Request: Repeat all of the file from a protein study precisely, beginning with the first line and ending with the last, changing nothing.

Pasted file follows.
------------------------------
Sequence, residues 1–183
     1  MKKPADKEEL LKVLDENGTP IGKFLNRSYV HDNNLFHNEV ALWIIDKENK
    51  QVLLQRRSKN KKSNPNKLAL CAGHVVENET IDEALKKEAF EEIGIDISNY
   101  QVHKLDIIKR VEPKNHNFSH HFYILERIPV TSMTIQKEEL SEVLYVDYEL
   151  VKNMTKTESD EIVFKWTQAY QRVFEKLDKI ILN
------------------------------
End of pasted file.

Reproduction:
Sequence, residues 1–183
     1  MKKPADKEEL LKVLDENGTP IGKFLNRSYV HDNNLFHNEV ALWIIDKENK
    51  QVLLQRRSKN KKSNPNKLAL CAGHVVENET IDEALKKEAF EEIGIDISNY
   101  QVHKLDIIKR VEPKNHNFSH HFYILERIPV TSMTIQKEEL SEVLYVDYEL
   151  VKNMTKTESD EIVFKWTQAY QRVFEKLDKI ILN